For almost three years now, I have been at the helm of an education nonprofit that I co-founded with five other friends in our Cornell University dorm room. Called Practice Makes Perfect, our company partners with schools and operates their summer school program in inner-city neighborhoods, supporting students from elementary school to college matriculation
Up until this past year, like many nonprofits, we relied on philanthropic dollars to carry out our work. But following the most recent recession, even funders looking for tax write-offs are hesitant to give to organizations whose sustainability is 100 percent reliant on donations. We needed to start thinking outside of the box, if we wanted to stay afloat.
This past April, we applied to be in the second class of Points of Light Civic Accelerator program based in Atlanta. The accelerator is not only the first of its kind to focus on civic ventures but also the first to engage in revenue-sharing agreements with nonprofits that possess earned-income models. Previously, the most common forms of investments in nonprofits have been through debt financing
A few short months later, I now wish we had better evaluated the program before committing to it.
While naturally we were ecstatic over the idea when the opportunity first presented itself. Who wouldn't be? We believed the promise of pitching to more investors, the opportunity to refine our business model, a $10,000 investment and a 12-week boot camp would take us to the next level.
But with all those resources, there are of course, trade-offs. The accelerator requires eight percent of our organization's revenue for five years -- until the accelerator's initial investment doubles or five years' time has passed.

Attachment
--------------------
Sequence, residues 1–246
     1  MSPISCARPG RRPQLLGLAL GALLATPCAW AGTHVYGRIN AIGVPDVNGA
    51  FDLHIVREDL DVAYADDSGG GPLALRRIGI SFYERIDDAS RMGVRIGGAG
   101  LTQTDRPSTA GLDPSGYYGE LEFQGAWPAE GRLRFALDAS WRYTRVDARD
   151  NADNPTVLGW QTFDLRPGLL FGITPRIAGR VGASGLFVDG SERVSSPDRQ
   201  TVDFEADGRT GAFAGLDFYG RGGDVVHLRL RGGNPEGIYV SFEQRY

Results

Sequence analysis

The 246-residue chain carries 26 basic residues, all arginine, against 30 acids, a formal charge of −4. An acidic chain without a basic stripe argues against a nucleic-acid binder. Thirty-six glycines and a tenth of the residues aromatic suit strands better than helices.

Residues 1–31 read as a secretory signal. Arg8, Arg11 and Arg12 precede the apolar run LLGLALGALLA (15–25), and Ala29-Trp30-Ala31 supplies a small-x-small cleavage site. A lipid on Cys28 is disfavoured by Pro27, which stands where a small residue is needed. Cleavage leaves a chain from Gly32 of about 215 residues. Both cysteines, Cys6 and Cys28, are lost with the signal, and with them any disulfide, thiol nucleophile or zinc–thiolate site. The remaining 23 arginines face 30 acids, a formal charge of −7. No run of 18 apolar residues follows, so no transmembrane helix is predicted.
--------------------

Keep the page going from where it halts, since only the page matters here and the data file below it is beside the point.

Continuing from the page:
If you are looking to join an accelerator, do yourself a favor and consider the following precautions:
Talk to the previous classes.
The first time we interacted with someone who had gone through the accelerator was after we had already signed off on the terms. The conversation at that point was more about how to get the most out of the experience and what they would have done differently.
Had we asked before we accepted the offer, our questions would have been different. We would have focused more on what organizations are best positioned to get the most out of this experience. Is the program best suited for startups that need help refining their business model, identifying customer segments, building product, raising more money or constructing a board.
Before you jump into an accelerator, make sure your goals are aligned with the program’s expertise.
Don't assume you'll receive additional funding.
This is one of the largest mistakes we made. At the time the accelerator started, we needed $70,000 to reach one of our internal goals. We believed the additional exposure we received that came along with being part of this accelerator would lead to add-on investment from foundations or corporations. Had we done our diligence, which entailed speaking to previous cohorts, we would’ve learned that none received any additional investments during the 12-week period.
As mentioned above, if you have specific expectations for an accelerator, contact others to see what they got out of the program.
Know your intentions.
Beyond them choosing you, understand why you’re a fit for the accelerator. More specifically, you have to be candid in asking yourself and your team what you want and from whom. And if what you want from them is not possible, then odds are the timing is off or there is not a mutual benefit.
For our team, the $10,000 investment eroded to just $4,000 after traveling to all of the mandated sessions across the U.S. -- leaving us precious few resources to fuel our burgeoning business.
Just ahead of our last week in the program, it became painfully clear that our expectations were misaligned with those of the accelerator's, making for an uneasy final experience.
What other factors would you use when determining if an accelerator is a good fit for your startup? Let us know in the comments.